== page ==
In his presentation at the NextGen12 Roadshow in York yesterday, Bill Murphy, Managing Director NGA, BT Group, mentioned BT's plans to offer fibre to the premise (FTTP) services on demand in areas enabled with fibre to the cabinet (FTTC) technology. This new fibre overlay system extends the fibre already deployed to the street cabinet all the way to the customer's premise, providing much faster speeds as a result.
I obviously haven't been paying enough attention recently, as this was the first I'd heard of it; in fact, the on demand option was announced back at the beginning of February, as part of BT's third quarter 2011 results. From the related BT press release:
"BT today announced it has held successful trials of “FTTP on demand” in St Agnes, Cornwall. This solution allows additional fibre to be run on demand to a home or business in a Fibre to the Cabinet (FTTC) enabled area, providing the customer with ultra-fast Fibre to the Premise (FTTP) broadband... BT has developed a solution that takes advantage of the fibre it has already deployed between the exchange and the street cabinet. The technological development has the potential to transform the UK broadband landscape. This is because FTTP – which will soon offer end users speeds of up to 300Mbps - could be made available anywhere in BT’s fibre footprint where a customer requires it. BT will conduct further trials of FTTP on demand this Summer with a view to making the service commercially available to all communications providers by Spring 2013."
The service is envisaged as being likely to appeal to businesses and "the affluent" in the first instance, given likely installation costs. This from BT's financial results news release, in the section about Openreach:
"The accelerated investment in our fibre roll-out programme was offset by lower spend on DSL, resulting in capital expenditure reducing by 1%. We recently announced 178 new exchange locations across the UK for the next two phases of our fibre roll-out programme. More than 7m premises now have access to fibre-based broadband and we expect to roughly double the download speeds provided by fibre-to-the-cabinet (FTTC) broadband from up to 40Mbps to up to 80Mbps in the Spring. We are rolling out our fibre-to-the-premises (FTTP) service offering speeds of 110Mbps and are on track to launch our 330Mbps product in the Spring. We are also testing a 1Gbps FTTP speed variant. In addition, we have successfully tested, and are trialling, a new technological development that enables FTTP to be provided in FTTC-enabled areas in response to customer demand."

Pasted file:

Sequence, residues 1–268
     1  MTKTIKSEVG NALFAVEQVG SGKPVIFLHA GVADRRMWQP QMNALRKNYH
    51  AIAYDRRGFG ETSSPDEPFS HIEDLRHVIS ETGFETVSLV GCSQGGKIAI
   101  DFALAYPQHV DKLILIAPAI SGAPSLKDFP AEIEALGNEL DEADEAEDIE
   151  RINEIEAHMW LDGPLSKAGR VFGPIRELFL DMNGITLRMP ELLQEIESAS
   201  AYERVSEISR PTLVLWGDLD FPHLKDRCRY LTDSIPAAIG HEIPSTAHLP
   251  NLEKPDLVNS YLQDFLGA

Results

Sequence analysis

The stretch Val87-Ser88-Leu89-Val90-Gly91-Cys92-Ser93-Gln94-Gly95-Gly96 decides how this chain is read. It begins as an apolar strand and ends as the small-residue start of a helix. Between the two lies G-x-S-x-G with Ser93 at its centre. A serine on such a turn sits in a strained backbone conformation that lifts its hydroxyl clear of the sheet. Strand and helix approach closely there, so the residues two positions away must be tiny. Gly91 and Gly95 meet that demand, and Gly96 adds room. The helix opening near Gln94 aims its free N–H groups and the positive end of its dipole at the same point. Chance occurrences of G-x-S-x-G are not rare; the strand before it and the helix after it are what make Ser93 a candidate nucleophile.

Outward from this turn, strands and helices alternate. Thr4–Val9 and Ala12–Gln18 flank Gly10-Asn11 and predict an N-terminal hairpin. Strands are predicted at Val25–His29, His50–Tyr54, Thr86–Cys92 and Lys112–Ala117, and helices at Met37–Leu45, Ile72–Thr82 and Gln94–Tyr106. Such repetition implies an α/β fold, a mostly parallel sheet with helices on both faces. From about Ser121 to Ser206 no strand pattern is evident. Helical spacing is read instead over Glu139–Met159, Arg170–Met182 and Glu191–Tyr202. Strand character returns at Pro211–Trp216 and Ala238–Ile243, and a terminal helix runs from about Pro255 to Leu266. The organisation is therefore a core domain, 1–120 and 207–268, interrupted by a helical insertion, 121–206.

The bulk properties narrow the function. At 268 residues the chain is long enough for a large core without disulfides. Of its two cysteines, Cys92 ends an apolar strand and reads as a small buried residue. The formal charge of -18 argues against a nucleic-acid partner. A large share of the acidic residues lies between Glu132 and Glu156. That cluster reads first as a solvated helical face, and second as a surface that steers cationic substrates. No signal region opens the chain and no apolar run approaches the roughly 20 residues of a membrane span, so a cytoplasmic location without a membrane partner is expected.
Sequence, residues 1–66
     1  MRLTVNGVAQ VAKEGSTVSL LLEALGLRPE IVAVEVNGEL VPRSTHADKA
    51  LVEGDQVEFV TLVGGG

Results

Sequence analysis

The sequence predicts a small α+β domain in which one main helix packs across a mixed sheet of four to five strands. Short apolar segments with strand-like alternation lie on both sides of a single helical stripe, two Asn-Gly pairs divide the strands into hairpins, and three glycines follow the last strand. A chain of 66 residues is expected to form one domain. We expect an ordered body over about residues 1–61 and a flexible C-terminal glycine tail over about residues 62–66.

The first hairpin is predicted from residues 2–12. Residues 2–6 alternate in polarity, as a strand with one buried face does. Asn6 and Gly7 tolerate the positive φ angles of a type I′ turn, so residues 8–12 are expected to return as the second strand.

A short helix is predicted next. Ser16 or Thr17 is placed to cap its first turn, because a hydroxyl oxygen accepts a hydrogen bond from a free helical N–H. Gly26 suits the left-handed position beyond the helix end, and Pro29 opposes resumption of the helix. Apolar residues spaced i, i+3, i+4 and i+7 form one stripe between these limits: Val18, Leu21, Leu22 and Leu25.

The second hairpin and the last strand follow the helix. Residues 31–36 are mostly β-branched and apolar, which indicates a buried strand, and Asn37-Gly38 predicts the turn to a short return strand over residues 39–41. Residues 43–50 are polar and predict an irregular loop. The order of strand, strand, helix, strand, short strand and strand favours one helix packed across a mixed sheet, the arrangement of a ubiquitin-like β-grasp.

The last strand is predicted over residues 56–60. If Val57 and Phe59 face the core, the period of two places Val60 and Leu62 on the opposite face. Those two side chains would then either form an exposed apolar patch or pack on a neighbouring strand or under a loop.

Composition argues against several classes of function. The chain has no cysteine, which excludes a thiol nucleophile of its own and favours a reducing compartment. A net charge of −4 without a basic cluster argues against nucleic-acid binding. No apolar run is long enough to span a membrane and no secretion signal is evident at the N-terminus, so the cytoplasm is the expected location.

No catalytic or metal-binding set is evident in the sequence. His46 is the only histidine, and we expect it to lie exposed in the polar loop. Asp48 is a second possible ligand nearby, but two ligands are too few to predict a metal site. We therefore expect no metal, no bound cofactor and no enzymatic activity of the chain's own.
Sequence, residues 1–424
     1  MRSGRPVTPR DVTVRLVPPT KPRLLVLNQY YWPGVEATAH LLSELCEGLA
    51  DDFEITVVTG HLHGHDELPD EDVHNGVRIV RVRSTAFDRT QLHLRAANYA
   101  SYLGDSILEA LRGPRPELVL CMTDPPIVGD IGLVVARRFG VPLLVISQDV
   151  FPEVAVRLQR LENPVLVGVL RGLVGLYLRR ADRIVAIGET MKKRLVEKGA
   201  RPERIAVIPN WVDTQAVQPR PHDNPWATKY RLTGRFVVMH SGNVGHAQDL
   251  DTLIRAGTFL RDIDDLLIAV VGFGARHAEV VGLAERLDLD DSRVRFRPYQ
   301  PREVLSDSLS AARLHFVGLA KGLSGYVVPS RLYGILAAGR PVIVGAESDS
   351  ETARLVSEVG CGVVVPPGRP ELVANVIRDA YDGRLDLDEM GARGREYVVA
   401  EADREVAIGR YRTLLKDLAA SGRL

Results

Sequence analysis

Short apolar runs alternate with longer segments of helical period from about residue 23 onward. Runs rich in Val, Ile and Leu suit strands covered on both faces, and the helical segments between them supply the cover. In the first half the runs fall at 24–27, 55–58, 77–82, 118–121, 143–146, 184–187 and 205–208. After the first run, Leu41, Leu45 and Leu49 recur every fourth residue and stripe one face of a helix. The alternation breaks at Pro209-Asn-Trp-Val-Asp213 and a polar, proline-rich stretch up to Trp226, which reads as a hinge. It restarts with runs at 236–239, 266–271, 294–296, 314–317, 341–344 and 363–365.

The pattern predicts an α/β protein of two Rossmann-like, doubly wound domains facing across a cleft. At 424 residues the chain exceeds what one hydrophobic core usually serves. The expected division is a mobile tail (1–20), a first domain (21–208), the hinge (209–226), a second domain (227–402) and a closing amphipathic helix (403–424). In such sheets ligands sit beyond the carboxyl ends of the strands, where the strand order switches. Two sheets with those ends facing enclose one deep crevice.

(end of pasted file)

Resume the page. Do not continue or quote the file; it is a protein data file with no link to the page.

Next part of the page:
From the same press release:
"We added 146,000 retail broadband customers, representing 56% of the broadband market net additions (DSL, LLU and fibre, excluding cable) of 262,000 taking our retail broadband customer base to 6.1m at 31 December 2011. Take up of our super-fast broadband product, BT Infinity, increased with 95,000 customers added in the quarter and we now have more than 400,000 customers."
ThinkBroadband, ISP Review and the FT ("BT set to launch ‘ultrafast’ internet") all offered commentary at the time on BT's FTTP on demand offering. The FT ran an additional piece on the impact of BT's trial in St Agnes in Cornwall ("Cornwall leads the high-tech revolution"), highlighting the benefits of the technology for local businesses. Estimates of likely install costs mentioned in the press coverage included "in the range of £500 to £1500" and "in the high hundreds of pounds", and costs will surely vary significantly from premise to premise, given the different distances involved. More on Openreach's FTTP service here, with related information here and here on Fibre Voice Access.
It will be interesting to monitor the demand for and takeup of BT's FTTP on demand service when it's launched; clearly in the first instance it will only be available where FTTC has already been deployed. And I would guess many people will be content with the significant bandwidth upgrade that FTTC services will deliver. But...if enough people and businesses register interest in areas outside current and planned FTTC deployments (especially those areas where FTTC isn't appropriate, as premises are too far from their serving cabinet to support FTTC services), could such a financial commitment be enough for BT to consider extending its roll-out further, but so as to deliver FTTP rather than FTTC services?
I would guess individuals and businesses in such areas would have to pay more than those in areas where FTTC has already or is going to be deployed. But could such contributions to the cost of delivering fibre from the cabinet onward to premises make an area otherwise uneconomic for superfast broadband viable instead?